HOUGH, Richard (1505-73/74), of Leighton and Thornton Hough, Cheshire.

Published in The History of Parliament: the House of Commons 1509-1558, ed. S.T. Bindoff, 1982
Available from Boydell and Brewer



Family and Education

b. 5 Nov. 1505, 1st s. of Thomas Hough of Leighton by Catherine, da. of Thomas Grosvenor of Eaton. m. (1) Christian, da. of Sir George Calverley of Lea, 5s., (2) Margaret, da. of James Hurleston of Chester. suc. fa. June 1513.1

Offices Held

Servant, household of Cromwell by 1534-40; j.p. Cheshire 1558/59-d.2


The family of Hough had been established at Thornton Hough, in the Wirral, for at least four generations before it produced Richard Hough, who was born at Leighton and christened at Neston. Of Hough’s upbringing, including his wardship, nothing has been discovered. He is first mentioned as acting for Cromwell in December 1534 and in 1536 he appears more specifically as one of the lord privy seal’s men, being then described as a ‘sage and sober person’: he was not in regular service but was one of those to be allowed in the household only ‘when they have commandment or cause necessary to repair thither’. He did business for Cromwell in Chester, whence in January 1538 he reminded the minister of a promise to make him rider of Delamere forest in Cheshire, and in 1540 he carried messages and letters to the council in Ireland. A less conventional outcome of the relationship was the marriage of Hough’s son William to Cromwell’s illegitimate daughter Jane.3

It was probably after his service with Cromwell that Hough was accused of murder: the affair took place when Edward Fitton was sheriff of Cheshire, that is, either in 1531-2 or 1543-4. The plaintiff in the Star Chamber, John Massey, described how he and his servants had been leaving Chester one afternoon when they were attacked by Hough and others: one of Massey’s servants, Randolph Davenport, was killed and Massey and other servants left for dead. At the inquest on Davenport the coroner had laboured ‘to obtain lightly the pardon of the said Hough and to save his lands, which be yearly 20 marks in lands and above’, and in this he had succeeded with the connivance of the sheriff and ‘by the maintenance of divers gentlemen, being near kinsmen to the said Hough, who caused their own tenants and servants to be put upon the said [in]quest.’ The affray could well have taken place in the spring of 1544, when both Hough and Massey were petty captains of companies raised for the Scottish war, and in such circumstances it is likely to have blown over.4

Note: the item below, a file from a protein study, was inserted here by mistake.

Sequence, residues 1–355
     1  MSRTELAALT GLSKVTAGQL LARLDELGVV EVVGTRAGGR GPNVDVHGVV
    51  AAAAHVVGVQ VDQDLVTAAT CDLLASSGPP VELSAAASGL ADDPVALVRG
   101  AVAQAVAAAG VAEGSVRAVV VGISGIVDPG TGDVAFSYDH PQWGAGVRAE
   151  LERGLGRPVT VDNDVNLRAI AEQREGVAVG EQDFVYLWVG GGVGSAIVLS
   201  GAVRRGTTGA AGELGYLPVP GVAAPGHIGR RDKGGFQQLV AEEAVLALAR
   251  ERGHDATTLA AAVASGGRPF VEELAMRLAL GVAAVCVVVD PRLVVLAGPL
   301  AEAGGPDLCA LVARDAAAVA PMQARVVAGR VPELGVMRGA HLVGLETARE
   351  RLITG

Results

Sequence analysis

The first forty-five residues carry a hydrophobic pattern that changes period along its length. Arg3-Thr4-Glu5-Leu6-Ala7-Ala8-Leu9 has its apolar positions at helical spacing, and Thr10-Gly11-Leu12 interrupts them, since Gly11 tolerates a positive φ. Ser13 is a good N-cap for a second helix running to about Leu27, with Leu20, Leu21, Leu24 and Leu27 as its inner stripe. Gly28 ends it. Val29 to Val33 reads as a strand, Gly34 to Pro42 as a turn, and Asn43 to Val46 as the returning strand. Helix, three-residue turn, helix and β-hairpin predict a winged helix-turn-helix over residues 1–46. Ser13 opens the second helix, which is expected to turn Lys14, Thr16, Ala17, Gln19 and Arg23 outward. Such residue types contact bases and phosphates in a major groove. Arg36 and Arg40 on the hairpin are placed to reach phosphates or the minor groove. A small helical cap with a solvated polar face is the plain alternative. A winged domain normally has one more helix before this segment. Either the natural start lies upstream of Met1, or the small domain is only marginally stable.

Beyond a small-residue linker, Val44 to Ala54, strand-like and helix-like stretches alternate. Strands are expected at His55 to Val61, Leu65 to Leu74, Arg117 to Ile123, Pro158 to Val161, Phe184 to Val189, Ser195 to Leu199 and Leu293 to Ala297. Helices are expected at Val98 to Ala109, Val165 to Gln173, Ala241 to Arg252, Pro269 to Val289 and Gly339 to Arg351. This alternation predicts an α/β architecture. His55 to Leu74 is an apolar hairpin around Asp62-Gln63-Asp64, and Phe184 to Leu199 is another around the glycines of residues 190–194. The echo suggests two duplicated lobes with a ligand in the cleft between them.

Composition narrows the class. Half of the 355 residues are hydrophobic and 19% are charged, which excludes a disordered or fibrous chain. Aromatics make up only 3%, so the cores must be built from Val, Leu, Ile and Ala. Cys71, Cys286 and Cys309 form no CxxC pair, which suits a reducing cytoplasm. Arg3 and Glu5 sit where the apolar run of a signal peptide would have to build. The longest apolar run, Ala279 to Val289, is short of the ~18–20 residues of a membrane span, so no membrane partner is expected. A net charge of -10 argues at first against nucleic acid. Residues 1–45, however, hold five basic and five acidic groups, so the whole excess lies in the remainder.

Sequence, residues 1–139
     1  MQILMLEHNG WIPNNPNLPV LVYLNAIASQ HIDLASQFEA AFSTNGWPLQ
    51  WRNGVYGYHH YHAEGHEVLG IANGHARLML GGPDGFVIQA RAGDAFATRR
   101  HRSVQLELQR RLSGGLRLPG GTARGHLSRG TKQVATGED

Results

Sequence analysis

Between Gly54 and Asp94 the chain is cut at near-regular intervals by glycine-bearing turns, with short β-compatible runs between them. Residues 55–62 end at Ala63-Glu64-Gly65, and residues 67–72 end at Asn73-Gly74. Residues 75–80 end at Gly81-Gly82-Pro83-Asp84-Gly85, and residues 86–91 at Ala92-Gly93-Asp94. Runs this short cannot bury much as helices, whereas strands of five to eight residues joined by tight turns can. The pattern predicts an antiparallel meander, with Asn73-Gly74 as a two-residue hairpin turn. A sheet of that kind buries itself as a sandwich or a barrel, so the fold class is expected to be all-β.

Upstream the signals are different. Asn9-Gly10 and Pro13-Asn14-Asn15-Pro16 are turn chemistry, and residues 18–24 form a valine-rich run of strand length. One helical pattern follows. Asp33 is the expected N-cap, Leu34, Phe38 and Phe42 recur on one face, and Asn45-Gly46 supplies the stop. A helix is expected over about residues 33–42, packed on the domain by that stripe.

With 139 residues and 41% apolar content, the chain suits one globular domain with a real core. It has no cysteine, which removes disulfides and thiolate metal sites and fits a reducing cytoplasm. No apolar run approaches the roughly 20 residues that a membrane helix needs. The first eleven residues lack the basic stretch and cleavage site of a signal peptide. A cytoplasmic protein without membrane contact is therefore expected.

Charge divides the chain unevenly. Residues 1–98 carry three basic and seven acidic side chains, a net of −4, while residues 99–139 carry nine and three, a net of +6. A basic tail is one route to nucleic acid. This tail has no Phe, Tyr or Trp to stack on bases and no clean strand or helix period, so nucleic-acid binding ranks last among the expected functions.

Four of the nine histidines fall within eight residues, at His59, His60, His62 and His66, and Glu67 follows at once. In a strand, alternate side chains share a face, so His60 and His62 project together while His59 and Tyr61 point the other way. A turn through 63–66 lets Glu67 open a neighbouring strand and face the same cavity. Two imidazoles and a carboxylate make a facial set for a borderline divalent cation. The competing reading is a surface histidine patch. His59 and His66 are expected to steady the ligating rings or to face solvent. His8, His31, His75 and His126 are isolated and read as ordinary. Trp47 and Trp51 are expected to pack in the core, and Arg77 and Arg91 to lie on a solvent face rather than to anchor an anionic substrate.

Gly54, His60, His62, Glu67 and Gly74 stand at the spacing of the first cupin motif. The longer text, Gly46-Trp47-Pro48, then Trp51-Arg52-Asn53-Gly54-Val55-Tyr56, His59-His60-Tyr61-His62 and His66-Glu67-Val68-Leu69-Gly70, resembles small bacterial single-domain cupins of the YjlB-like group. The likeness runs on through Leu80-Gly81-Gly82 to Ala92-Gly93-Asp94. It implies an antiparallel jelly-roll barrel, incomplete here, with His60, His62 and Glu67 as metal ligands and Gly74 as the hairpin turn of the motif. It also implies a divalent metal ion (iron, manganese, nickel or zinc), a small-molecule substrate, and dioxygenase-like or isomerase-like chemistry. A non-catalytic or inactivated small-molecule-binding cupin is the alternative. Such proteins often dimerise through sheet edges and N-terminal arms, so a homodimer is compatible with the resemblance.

By contrast with his earlier years the next phase of Hough’s career remains obscure, but his reemergence in 1558 as senior knight of the shire for Cheshire suggests that in the course of it he had lived down the scandal of Davenport’s death and confirmed his place in local society. His marriage into the prominent Calverley family had doubtless helped him: it was with his brother-in-law Sir Hugh Calverley that he had served in 1544. Hough was also connected by marriage with Richard Wilbraham, knight of the shire in the three previous Parliaments, who may have supported both him and his fellow Sir John Done. Nothing is known of Hough’s part in the proceedings of this Parliament, but between its two sessions he was granted an annuity of £4 to be assigned by the court of wards from the property in Wallasey and elsewhere of the late Robert Litherland and with it the wardship and marriage of John Litherland.5

Not until after Elizabeth’s accession was Hough appointed to the Cheshire bench, the reason being doubtless the support for the new religious settlement with which the bishop of Chester credited him in 1564. In this he differed from his son William, who was to suffer imprisonment and sequestration as a recusant. The condition which Hough laid down in a document preceding his will, that if William did not ‘perform the consideration’ of the legacy given to him the will should be void, may bear some relation to this rift between them, as may the subsequent exhortation that the son should ‘establish his inheritance’. The will itself does not seem to have survived but Hough is known to have died in the 16th year of Elizabeth, 1573-4. A valuation of his lands given in 1577, £50 a year at the ‘old ancient rent’, shows a marked increase on John Massey’s earlier estimate, presumably as a result of Hough’s acquisition of monastic properties.6

Ref Volumes: 1509-1558

Author: P. S. Edwards


  • 1. Date of birth from declaration of age, Cheshire 3/64/16. Vis. Cheshire (Harl. Soc. xviii), 128-9; Ormerod, Cheshire, ii. 552.
  • 2. LP Hen. VIII, xi, xii, xv; CPR, 1560-3, p. 444; 1563-6, p. 28. Cheshire Q. Sess. Recs. (Chetham Soc. xciv), 37-38.
  • 3. Ormerod, ii. 304, 552; Cheshire 3/64/16; LP Hen. VIII, vii, xi-xvi, xix; M. L. Robertson, ‘Cromwell’s servants’ (Univ. California Los Angeles Ph.D. thesis, 1975), 503; Elton, Policy and Police, 281, 349-50; Add. 20706.
  • 4. St.Ch. (Lancs. and Cheshire Rec. Soc. lxxi), 113, 122-3; HMC Bath, iv. 66.
  • 5. CPR, 1557-8, pp. 358-9.
  • 6. Cam. Misc. ix(3), 76; Ormerod, ii. 552-3; K. R. Wark, Eliz. Recusancy in Cheshire (Chetham Soc. ser. 3, xix), 14; Cath. Rec. Soc. xxii. 68-69.